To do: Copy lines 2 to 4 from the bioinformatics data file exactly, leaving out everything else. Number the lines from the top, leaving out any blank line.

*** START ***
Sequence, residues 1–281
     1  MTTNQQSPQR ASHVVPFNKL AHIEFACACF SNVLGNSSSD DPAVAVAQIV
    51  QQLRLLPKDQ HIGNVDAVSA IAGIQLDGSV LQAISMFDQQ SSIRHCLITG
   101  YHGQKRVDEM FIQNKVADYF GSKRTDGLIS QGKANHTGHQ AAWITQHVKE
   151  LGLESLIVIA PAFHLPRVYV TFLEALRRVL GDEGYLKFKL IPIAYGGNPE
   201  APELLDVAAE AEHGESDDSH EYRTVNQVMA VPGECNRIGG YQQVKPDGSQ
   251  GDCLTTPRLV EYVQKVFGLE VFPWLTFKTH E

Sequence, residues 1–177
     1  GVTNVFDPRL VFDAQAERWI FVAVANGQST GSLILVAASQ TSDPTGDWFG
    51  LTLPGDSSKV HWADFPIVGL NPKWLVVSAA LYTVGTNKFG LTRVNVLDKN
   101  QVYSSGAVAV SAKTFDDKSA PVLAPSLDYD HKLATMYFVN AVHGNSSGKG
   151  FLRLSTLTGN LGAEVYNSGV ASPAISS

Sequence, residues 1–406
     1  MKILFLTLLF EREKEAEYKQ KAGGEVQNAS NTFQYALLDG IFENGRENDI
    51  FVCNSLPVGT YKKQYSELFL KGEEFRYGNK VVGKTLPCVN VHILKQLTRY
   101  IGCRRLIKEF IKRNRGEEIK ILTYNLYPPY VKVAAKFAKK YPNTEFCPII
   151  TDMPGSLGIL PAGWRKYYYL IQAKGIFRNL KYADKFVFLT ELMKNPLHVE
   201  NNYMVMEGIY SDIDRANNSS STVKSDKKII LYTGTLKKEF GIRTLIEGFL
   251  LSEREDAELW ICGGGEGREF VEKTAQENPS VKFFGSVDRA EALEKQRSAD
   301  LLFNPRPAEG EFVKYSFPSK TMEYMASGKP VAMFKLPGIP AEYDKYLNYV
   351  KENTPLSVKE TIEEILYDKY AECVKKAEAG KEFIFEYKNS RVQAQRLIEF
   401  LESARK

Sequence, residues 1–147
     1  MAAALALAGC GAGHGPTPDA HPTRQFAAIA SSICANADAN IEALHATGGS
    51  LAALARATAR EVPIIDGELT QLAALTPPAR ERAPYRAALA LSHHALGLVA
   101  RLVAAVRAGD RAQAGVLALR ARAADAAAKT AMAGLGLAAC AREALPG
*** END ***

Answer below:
     1  MTTNQQSPQR ASHVVPFNKL AHIEFACACF SNVLGNSSSD DPAVAVAQIV
    51  QQLRLLPKDQ HIGNVDAVSA IAGIQLDGSV LQAISMFDQQ SSIRHCLITG
   101  YHGQKRVDEM FIQNKVADYF GSKRTDGLIS QGKANHTGHQ AAWITQHVKE